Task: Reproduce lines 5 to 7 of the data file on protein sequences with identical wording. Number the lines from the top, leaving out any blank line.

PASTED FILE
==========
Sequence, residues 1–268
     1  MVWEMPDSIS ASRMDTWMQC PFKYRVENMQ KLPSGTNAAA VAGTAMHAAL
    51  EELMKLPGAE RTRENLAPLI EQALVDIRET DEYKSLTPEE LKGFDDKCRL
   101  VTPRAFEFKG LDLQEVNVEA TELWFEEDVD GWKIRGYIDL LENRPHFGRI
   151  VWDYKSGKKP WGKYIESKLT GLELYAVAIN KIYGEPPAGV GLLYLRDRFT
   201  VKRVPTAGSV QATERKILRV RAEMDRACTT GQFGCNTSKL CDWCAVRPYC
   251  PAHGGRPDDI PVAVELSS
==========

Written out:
   151  VWDYKSGKKP WGKYIESKLT GLELYAVAIN KIYGEPPAGV GLLYLRDRFT
   201  VKRVPTAGSV QATERKILRV RAEMDRACTT GQFGCNTSKL CDWCAVRPYC
   251  PAHGGRPDDI PVAVELSS